Diagnosis and Management of Myocarditis in Children
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Myocarditis remains a clinical challenge in pediatrics. Originally, it was recognized at autopsy before the application of endomyocardial biopsy, which led to a histopathology-based diagnosis such as in the Dallas criteria. Given the invasive and low-sensitivity nature of endomyocardial biopsy, its diagnostic focus shifted to a reliance on clinical suspicion. With the advances of cardiac magnetic resonance, an examination of the whole heart in vivo has gained acceptance in the pursuit of a diagnosis of myocarditis. The presentation may vary from minimal symptoms to heart failure, life-threatening arrhythmias, or cardiogenic shock. Outcomes span full resolution to chronic heart failure and the need for heart transplantation with inadequate clues to predict the disease trajectory. The American Heart Association commissioned this writing group to explore the current knowledge and management within the field of pediatric myocarditis. This statement highlights advances in our understanding of the immunopathogenesis, new and shifting dominant pathogeneses, modern laboratory testing, and use of mechanical circulatory support, with a special emphasis on innovations in cardiac magnetic resonance imaging. Despite these strides forward, we struggle without a universally accepted definition of myocarditis, which impedes progress in disease-targeted therapy.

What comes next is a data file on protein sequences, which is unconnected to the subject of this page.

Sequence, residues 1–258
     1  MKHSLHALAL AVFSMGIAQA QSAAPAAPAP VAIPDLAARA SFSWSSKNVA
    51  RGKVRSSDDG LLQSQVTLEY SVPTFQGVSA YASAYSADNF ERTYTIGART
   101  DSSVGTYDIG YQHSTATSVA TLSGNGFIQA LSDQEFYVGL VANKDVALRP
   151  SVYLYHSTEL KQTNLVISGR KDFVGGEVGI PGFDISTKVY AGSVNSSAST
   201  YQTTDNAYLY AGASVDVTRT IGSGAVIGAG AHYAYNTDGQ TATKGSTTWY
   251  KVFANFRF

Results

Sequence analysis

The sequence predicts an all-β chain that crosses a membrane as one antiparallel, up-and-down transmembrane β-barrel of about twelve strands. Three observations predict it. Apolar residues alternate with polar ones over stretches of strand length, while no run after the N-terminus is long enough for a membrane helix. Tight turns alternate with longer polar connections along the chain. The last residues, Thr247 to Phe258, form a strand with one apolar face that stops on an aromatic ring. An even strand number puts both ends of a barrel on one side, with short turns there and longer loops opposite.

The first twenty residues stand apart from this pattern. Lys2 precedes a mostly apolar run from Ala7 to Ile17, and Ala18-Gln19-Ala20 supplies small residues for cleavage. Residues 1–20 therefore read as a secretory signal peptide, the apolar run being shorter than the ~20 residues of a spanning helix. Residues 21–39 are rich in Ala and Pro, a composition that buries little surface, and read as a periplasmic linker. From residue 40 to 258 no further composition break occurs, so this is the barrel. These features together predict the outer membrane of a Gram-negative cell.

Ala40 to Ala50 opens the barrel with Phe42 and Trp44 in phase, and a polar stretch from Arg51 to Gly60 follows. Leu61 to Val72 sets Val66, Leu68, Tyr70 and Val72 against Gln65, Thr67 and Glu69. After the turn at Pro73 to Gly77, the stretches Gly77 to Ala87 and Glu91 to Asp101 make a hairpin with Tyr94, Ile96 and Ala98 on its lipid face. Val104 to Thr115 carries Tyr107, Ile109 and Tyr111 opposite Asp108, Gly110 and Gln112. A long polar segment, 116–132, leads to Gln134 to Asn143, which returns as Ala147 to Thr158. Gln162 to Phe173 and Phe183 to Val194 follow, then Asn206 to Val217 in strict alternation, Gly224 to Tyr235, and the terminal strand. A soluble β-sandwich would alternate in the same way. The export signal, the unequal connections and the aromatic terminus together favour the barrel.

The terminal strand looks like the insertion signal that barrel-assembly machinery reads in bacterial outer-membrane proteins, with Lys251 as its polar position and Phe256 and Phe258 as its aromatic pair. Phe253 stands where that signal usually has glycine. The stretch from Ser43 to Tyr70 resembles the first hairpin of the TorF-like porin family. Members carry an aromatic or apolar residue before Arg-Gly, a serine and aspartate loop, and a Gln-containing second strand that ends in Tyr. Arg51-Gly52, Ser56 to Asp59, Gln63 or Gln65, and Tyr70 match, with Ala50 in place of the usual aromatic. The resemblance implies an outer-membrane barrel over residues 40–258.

Myocarditis in children challenges the practitioner on every front, from the appropriate diagnostic workup to the aggressiveness of intervention and the type and extent of follow-up after recovery. Many patients have spontaneous recovery, and just as many will sustain irreversible myocardial injury, sometimes pressing the practitioner to make medical decisions without a confirmed diagnosis or decisions on therapy that are not evidence based. Myocarditis in children shares features with that in adults, such that a supplemental section on the adult perspective highlights some of these major similarities and differences. However, given its distinct characteristics in children and the potential impact on their lifelong health, the American Heart Association commissioned this statement to provide guidance on its management specific to the pediatric population.